He implored Dzhokhar to turn himself in to authorities and beg for forgiveness.

— Tom Howell Jr.

4:07 p.m.

Zubeidat Tsarnaev, the mother of the two Boston bombing suspects, told Russia Today’s English language TV news channel that her sons were innocent.

“This is a set up,” she said by telephone from Makhachkala, capital of the Russian Republic of Dagestan.

“My sons would never do such a thing,” she said. “Tamarlan, the eldest, had “got involved in … religious politics about five years ago,” but he “never told me he would be on the side of Jihad.” “Nobody talked about terrorism or jihad” in her household, she said.

“The mother’s first name, Zubeidat, suggests she is of Dagestani origin,” noted Mairbek Vatchagaev, a scholar with the Jamestown Foundation, a Washington-based think tank, adding that could account for the family’s decision to move to Dagestan.

He said the family appeared to have moved there after the second Chechen war began in 1999, having apparently become refugees.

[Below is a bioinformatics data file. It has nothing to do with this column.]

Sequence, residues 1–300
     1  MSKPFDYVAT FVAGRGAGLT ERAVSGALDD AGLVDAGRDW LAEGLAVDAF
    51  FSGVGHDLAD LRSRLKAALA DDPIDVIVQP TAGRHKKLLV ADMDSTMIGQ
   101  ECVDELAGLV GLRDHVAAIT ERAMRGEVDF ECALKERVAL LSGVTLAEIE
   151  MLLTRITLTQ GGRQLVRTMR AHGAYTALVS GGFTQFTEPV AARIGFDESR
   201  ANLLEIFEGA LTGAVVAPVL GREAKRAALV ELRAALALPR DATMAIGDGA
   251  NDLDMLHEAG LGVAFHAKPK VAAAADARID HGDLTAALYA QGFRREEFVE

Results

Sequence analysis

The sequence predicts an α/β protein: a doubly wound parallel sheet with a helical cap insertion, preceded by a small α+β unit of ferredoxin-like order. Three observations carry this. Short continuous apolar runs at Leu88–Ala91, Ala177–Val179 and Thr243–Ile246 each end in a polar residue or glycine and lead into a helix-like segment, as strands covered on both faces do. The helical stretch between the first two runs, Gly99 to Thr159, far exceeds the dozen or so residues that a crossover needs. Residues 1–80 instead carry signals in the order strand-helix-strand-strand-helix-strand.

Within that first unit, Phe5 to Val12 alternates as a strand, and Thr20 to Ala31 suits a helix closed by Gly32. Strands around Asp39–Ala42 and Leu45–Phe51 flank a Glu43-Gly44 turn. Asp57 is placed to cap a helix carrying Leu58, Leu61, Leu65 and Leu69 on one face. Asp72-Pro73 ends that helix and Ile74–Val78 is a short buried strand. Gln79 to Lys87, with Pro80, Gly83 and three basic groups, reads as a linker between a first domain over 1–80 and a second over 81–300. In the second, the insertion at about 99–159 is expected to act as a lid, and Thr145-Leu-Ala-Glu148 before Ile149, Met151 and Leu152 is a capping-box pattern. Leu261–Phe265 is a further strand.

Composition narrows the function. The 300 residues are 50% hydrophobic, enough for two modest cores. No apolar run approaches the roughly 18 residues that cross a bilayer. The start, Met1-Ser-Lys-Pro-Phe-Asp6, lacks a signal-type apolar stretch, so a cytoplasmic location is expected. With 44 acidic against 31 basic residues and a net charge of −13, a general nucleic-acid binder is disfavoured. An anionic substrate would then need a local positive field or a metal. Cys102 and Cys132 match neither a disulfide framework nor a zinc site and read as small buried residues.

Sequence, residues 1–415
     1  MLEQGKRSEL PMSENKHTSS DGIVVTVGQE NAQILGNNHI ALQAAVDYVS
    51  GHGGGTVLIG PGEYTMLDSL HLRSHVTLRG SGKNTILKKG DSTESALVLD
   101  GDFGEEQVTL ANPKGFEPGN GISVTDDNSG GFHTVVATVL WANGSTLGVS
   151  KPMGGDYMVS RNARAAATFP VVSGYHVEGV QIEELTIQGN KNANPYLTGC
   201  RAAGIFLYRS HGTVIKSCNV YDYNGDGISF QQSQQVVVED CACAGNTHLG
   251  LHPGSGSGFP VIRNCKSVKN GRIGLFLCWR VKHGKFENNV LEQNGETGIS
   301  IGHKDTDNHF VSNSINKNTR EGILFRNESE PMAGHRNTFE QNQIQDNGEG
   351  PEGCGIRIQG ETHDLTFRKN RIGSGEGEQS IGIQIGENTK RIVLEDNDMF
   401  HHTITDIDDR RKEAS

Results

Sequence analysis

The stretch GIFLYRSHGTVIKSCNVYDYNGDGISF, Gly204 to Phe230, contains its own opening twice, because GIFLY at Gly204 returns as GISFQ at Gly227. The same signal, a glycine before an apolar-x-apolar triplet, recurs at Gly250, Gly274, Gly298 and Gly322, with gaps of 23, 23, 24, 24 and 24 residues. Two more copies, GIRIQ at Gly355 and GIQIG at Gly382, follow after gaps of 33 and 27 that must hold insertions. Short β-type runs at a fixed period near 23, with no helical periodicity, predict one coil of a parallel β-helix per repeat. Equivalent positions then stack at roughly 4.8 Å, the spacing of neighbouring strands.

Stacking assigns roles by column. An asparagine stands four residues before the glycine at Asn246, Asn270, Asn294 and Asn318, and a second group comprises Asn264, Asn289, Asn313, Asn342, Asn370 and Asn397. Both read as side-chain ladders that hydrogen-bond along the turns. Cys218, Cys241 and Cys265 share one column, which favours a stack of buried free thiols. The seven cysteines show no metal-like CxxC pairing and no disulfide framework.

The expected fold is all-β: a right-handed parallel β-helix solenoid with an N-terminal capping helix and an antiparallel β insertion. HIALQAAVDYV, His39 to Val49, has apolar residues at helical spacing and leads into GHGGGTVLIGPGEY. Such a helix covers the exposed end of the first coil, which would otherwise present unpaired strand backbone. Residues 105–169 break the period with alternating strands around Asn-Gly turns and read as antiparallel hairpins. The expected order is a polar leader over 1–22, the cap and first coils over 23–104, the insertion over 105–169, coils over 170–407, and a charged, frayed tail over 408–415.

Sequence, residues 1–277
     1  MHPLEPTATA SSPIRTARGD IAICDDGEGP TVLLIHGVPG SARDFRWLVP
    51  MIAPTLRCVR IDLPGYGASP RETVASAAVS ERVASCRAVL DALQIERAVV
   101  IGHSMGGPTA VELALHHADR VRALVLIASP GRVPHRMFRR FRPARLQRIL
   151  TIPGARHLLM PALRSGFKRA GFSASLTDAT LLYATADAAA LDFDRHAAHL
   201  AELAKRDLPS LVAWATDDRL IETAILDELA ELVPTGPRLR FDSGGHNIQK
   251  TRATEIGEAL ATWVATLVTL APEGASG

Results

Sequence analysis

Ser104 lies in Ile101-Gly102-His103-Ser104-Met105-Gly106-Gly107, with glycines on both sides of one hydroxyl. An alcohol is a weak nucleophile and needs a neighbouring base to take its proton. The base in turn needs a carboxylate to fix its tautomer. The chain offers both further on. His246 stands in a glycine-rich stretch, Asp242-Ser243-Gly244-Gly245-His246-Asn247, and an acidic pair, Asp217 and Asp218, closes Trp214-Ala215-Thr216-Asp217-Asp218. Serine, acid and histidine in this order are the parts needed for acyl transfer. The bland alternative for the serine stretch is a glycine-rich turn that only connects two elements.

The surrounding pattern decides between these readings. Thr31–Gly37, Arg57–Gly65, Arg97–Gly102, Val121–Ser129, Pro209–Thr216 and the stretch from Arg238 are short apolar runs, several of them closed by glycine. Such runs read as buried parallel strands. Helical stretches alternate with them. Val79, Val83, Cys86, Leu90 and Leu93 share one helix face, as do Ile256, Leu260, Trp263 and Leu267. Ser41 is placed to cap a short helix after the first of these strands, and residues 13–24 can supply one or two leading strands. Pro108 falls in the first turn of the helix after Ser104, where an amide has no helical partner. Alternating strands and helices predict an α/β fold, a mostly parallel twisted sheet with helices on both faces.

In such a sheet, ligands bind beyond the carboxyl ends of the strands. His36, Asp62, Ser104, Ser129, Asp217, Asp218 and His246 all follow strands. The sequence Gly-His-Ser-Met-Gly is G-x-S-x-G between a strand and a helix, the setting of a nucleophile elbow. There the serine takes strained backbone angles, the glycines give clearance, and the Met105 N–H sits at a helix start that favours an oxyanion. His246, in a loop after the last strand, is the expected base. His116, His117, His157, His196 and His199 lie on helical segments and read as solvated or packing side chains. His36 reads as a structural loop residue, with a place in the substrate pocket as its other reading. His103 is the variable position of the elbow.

— Shaun Waterman

3:45 p.m.

Police, under instructions to make every effort to capture Dzhokhar A. Tsarnaev alive, are methodically searching neighborhoods in Watertown and Cambridge — and scouring the campus of the University of Massachusetts Dartmouth, where Tsarnaev took undergraduate classes.

3:30 p.m.

Boston Marathon bombing victim Jeff Bauman was visited in the hospital by actor Bradley Cooper and New England Patriots receiver Julian Edelman. Bauman, despite losing both legs in the blast, provided key details that helped the FBI identify the attackers. 

3:20 p.m.

Boston Bruins game postponed, also.

3:08 p.m.

Boston Red Sox official Twitter feed: Tonight’s Red Sox game at Fenway Park scheduled for 7:10pm has been postponed to support efforts of law enforcement officers.

2:56 p.m.

Here is the latest map and timeline in the hunt for Dzhokhar A. Tsarnaev. 

2:41 p.m.

Law enforcement authorities said suspected Boston Marathon bomber Dzhokhar A. Tsarnaev, now the object of a massive manhunt, is believed to have been wounded during the early morning shootout with police and authorities had tracked him at some point during the manhunt by his bloody trail.